Jain Holidays and Observances: The most famous of all Jain festivals, Mastakabhisheka (“Head Anointment”), is performed every 12 years at the Digambara sacred complex at Shravanabelagola (“White Lake of the Ascetics”) in Karnataka state. In this ceremony the 57-foot- (17-metre-) high statue of Bahubali is anointed from above with a variety of substances (water, milk, flowers, etc.) in the presence of an audience that can approach one million.
Mahavira Jayanti: This festival celebrates the day of Mahavira’s birth. Jains will gather in temples to hear readings of the teachings of Mahavira. Images of Mahavira are paraded through the streets with much pomp and ceremony.
Paryushana: The word ‘Paryushana’ means ‘to stay in one place’, which signifies a time of reflection and repentance for the Jain devotee. Originally this was primarily a monastic practice.
This festival consists of eight days of intensive fasting, repentance and pujas. Often monks will be invited to give teachings from the Jain scriptures.
Diwali: This festival is celebrated throughout all of India. In Jainism it has special significance, as on this day in 527 BCE (according to Svetambara tradition) that Mahavira gave his last teachings and attained ultimate liberation.
On Diwali parents will often give sweets to their children, and lamps are lit all over India. Some very religious Jains will also fast for the two days of Diwali, following the example of Mahavira.
Kartak Purnima: Following Diwali in October/November is an important festival called Kartak Purnima. This is considered to be an auspicious time for pilgrimage to the sacred sites associated with the Jain religion.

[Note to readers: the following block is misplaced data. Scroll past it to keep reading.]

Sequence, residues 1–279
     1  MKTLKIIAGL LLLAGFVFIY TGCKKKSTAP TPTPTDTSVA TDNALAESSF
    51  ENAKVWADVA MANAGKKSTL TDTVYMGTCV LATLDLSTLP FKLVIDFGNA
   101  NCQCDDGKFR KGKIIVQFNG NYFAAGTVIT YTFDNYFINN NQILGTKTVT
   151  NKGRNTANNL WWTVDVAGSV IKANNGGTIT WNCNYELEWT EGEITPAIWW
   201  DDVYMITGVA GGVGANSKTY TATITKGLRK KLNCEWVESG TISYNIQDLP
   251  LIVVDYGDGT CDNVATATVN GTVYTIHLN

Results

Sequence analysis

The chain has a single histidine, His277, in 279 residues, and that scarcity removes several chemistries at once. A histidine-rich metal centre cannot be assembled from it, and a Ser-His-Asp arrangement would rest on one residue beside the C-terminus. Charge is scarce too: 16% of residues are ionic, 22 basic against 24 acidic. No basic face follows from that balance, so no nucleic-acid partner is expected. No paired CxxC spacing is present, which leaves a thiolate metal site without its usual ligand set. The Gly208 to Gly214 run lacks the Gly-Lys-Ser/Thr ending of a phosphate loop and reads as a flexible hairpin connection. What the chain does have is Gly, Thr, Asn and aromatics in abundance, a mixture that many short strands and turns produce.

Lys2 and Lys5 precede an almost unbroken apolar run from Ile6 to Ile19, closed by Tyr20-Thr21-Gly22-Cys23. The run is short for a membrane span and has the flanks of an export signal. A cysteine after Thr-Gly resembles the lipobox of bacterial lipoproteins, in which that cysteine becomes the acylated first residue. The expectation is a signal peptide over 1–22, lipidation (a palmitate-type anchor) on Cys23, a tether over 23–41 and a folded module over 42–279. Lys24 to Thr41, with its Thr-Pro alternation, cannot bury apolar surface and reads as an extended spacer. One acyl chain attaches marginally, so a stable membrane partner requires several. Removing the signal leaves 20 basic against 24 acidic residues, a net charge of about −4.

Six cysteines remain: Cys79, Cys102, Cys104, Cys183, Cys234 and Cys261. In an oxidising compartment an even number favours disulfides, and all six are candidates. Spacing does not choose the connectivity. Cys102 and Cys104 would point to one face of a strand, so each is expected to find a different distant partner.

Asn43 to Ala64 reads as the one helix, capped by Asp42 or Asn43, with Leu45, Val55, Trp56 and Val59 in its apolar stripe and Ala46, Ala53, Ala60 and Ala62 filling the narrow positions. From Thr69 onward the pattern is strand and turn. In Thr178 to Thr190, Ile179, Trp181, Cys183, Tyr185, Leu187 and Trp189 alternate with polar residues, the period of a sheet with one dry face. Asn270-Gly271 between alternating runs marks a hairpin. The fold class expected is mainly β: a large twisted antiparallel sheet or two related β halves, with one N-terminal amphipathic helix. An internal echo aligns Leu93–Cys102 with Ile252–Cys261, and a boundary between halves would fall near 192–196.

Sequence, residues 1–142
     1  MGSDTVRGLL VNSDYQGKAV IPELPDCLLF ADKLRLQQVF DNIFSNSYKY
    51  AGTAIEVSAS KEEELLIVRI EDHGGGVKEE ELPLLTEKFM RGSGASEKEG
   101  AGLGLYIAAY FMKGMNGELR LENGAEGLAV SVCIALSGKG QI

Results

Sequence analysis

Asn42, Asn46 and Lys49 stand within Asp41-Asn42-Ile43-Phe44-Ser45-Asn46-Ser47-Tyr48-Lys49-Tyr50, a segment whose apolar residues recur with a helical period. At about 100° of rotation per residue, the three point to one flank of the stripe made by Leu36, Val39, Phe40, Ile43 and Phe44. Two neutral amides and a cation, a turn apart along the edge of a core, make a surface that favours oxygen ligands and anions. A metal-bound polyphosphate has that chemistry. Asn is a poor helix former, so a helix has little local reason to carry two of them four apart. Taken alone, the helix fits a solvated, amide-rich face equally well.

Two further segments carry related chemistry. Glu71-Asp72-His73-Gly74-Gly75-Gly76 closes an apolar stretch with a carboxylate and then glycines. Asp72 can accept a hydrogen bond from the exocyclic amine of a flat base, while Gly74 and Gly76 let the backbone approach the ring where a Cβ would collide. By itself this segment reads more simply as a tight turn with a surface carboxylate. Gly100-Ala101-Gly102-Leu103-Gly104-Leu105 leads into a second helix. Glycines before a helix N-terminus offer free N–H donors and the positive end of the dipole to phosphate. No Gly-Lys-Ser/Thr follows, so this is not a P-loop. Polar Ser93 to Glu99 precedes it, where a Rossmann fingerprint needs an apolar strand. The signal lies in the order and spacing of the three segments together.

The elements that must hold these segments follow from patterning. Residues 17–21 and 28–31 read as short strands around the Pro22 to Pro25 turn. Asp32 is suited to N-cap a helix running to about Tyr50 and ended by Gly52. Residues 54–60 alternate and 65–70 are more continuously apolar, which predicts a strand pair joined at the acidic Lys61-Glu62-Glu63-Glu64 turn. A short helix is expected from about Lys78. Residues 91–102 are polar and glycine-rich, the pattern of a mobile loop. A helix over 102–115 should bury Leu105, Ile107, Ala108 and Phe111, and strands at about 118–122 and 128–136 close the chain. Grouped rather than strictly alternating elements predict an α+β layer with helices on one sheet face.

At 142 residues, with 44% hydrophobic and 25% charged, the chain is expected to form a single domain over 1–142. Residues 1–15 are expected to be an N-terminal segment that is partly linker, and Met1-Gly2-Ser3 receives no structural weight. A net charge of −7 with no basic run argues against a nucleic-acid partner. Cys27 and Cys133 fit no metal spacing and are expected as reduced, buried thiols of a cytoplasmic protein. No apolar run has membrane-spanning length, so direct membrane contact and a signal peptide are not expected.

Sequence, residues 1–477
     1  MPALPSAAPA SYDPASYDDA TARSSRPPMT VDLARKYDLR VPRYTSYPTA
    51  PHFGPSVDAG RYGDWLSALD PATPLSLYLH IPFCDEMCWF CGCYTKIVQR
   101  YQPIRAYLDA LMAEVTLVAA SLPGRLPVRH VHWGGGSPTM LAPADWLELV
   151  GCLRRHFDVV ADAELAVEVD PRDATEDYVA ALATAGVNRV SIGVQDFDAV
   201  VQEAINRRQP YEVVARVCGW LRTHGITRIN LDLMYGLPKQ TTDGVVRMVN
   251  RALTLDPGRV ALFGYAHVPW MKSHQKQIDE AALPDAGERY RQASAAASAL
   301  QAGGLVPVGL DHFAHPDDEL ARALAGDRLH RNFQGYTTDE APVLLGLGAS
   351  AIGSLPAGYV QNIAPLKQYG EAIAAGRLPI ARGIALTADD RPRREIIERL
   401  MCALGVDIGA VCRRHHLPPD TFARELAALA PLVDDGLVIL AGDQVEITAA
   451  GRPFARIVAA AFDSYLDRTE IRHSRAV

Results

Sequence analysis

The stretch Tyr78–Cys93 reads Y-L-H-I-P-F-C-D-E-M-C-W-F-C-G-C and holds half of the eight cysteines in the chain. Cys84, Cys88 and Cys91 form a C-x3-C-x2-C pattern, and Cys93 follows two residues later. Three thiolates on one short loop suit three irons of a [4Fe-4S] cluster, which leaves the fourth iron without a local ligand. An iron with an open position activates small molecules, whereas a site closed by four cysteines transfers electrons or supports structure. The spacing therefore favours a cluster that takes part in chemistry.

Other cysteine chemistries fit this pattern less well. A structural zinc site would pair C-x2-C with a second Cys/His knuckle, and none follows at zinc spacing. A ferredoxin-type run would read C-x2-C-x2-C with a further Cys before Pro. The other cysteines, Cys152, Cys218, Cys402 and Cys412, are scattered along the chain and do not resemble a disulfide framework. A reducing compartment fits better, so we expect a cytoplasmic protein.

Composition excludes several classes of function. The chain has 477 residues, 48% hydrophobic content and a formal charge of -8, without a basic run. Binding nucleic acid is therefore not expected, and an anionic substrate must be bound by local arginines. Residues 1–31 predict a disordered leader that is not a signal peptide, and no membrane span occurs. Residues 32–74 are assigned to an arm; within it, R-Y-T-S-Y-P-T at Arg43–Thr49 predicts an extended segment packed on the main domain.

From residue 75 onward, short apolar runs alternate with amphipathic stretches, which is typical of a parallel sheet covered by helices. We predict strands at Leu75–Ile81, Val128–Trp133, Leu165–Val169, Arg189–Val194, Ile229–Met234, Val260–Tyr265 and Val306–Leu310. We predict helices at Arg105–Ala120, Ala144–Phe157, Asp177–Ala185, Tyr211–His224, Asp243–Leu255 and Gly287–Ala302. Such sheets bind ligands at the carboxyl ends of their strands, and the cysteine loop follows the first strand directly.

Mauna Agyaras: This is a day-long observance of fasting and silence. Jains also meditate on the five great beings.
Jain Holidays and Observances: Jain calendar
The Jain calendar includes many festivals. Among them is the Shvetambara fasting ceremony, oli, which is celebrated for nine days twice a year (in March–April and September–October) and which corresponds to the mythical celestial worship of the images of the Tirthankaras. The most significant time of the Jain ritual year, however, is the four-month period, generally running from late July to early November, when monks and nuns abandon the wandering life and live in the midst of lay communities. For Shvetambaras, the single most important festival, Paryushana, occurs in the month of Bhadrapada (August–September). Paryushana (“Abiding”) designates, on the one hand, pacification by forgiving and service with wholehearted effort and devotion and, on the other, staying at one place for the monsoon season. The festival is characterized by fasting, preaching, and scriptural recitation. On its last day, Samvatsari (“Annual”), alms are distributed to the poor, and a Jina image is ceremonially paraded through the streets. A communal confession is performed by the laity, and letters are sent asking for forgiveness and the removal of all ill feelings about conscious or unconscious misdeeds during the past year. The equivalent Digambara festival is called Dashalakshanaparvan (“Observance Day of the 10 Religious Qualities”) and centres on the public display of an important text, the Tattvartha-sutra.
On the full-moon day of the month of Karttika (October–November), at the same time that Hindus celebrate Diwali (the festival of lights), Jains commemorate the nirvana (final liberation; literally “becoming extinguished”) of Mahavira by lighting lamps. Another important Shvetambara ceremony, Jnanapanchami (literally “Knowledge Fifth,” where “Fifth” signifies a date), occurs five days later and is celebrated with temple worship and with reverence of the scriptures. The equivalent Digambara festival takes place in May–June. Mahavira Jayanti, the birthday of Mahavira, is celebrated by both sects in early April with public processions.